Find out which type of evangelist you are and get excited about it!

(Re-post from July 2017.)

Picture in your mind for a moment an evangelist


Did Billy Graham come to mind? Or someone with a loud, confident voice standing at a street corner? File that visual image for a moment.

Now think back to the moment you came to believe for the first time. Who was it that had the most significant influence on you making that decision? Perhaps it was your mum, or your youth leader or your school friend.

Often the word evangelist conjures up an image which is different from those who actually have the most regular conversations and are in relationships that lead to conversion. Maybe we need to think again about the word ‘evangelist’?

I believe that I am called to be an evangelist: three spiritual gift questionnaires and a few pastoral interviews point to my passion for those who don’t yet believe and my drive to reach out. But I don’t fit the mould of the traditional evangelist, which is often a preacher and an extrovert who leads strangers to Christ through brief encounters on buses or in shopping centres.

Books on evangelism are often written by those who can do stranger evangelism and although the books are intriguing and admirable, they don’t often apply to me. I finish reading and feel inadequate somehow, wishing that I could be a different person. Rico Tice writes a helpful book called Honest Evangelism, where he admits that evangelistic conversations are often filled with pain and rejection. In chapter six, Tice encourages readers to be themselves.

I was delighted to read his descriptions of the different styles of Bible characters and how they approached reaching out with the gospel.

  • Peter seemed to be the archetypal Evangelist: straight-talking, immensely gifted and thick-skinned.
  • Paul is the Apologist: the intellectual, considered debator.
  • The healed blind man is the Storyteller: able to share his testimony with conviction and to win over others.

I was beginning to wonder who I was and where I fitted in, then I read Tice’s description of…

  • The Inviter, the Woman at the Well. His description here struck a chord, I saw myself in her enthusiasm for gathering others as she hurried back to her village and brought others along to meet the Messiah. I love to include others, to invite them to my house, to organize gatherings in order to build authentic relationships, create community and call on others to “Come and See”, to meet Jesus.

Moving from England to California recently has meant starting again and praying through what this looks like in a new cultural environment. Within the first year, this meant trying to invite others into my home for meals once a month. I am discovering that my neighbours are sometimes more comfortable meeting in neutral third-space venues, such as Starbucks, rather than in my home or any home.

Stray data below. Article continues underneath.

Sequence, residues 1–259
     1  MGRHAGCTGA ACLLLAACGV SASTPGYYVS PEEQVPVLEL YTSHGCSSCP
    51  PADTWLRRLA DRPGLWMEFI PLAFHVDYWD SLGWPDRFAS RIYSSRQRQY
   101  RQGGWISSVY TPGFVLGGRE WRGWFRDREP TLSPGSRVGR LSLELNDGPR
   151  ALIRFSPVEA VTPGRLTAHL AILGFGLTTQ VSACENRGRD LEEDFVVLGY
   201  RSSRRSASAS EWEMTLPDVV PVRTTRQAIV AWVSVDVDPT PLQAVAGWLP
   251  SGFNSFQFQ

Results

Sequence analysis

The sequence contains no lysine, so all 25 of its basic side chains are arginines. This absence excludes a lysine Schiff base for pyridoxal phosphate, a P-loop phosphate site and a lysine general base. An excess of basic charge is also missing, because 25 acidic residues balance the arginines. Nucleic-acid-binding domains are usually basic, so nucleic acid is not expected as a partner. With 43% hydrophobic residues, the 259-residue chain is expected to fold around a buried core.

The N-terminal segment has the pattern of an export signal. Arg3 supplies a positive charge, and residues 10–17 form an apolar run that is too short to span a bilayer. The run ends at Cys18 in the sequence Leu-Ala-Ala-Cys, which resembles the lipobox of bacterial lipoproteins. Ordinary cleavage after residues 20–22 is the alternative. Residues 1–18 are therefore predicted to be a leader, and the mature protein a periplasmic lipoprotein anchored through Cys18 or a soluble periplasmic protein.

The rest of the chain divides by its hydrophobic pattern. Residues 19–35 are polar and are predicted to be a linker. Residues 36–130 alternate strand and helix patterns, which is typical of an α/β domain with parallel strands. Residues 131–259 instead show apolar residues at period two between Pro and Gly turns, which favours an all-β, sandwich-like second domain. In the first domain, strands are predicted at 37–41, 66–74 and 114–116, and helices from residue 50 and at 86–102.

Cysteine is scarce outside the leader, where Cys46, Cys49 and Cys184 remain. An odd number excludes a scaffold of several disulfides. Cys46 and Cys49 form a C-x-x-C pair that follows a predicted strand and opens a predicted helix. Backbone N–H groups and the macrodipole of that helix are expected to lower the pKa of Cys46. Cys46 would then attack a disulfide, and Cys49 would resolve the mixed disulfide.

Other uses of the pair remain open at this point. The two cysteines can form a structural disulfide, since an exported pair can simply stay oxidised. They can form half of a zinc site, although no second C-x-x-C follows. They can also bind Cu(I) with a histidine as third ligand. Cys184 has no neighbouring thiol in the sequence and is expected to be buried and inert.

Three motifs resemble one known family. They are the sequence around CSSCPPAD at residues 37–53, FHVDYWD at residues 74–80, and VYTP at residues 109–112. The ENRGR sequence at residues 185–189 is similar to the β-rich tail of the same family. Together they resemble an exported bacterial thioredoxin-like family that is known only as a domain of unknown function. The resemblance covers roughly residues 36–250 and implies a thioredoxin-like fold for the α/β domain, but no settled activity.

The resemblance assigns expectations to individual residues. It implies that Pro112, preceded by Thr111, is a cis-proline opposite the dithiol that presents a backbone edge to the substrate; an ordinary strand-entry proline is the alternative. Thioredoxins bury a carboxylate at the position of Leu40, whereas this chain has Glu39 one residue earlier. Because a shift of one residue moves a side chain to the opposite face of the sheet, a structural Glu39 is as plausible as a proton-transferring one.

I am adapting to find new ways to invite people to church and take opportunities to talk about faith and Jesus. A wise curate friend once said that it usually takes three years of being established in a new place and making relationships before others might begin to follow Jesus. There are certainly no conversions yet, but I am grateful for the opportunities God has granted me to build relationships and open up conversations. My husband and I have been asked to lead a new task force in welcoming first-time attendees and building community within our church. I can see the Woman at the Well in all of this; I see myself in her flaws and insecurities and am reminded that God is calling me to call others to Jesus.

John Stott, in his famous short book, Baptism and Fullness, describes six different types of evangelists and adds that he believes there are many others. He talks of crusade evangelists, home evangelists, friendship evangelists, casual contact evangelists, teaching evangelists and literature evangelists.

Activate Your Life has been promoting the concept of Friendship Evangelism for years, encouraging all believers to bring others to Jesus through authentic relationships. Hopefully, this term strikes a chord with you, and you feel an affinity that inspires you. But it might be helpful for you also to consider whether God has created you, enabled you, and gifted you to be an Inviter, an Apologist or a Home Evangelist? We would love to hear from you and learn how you are using your talents and opportunities to be a Literature evangelist or an Apologist, or any other way! Don’t be restricted by an outdated image of what an evangelist has to be. Think outside of the box and be ready for God to use you, in just the way He has created you to be.

You don’t have to be someone you’re not: just the person God made you.

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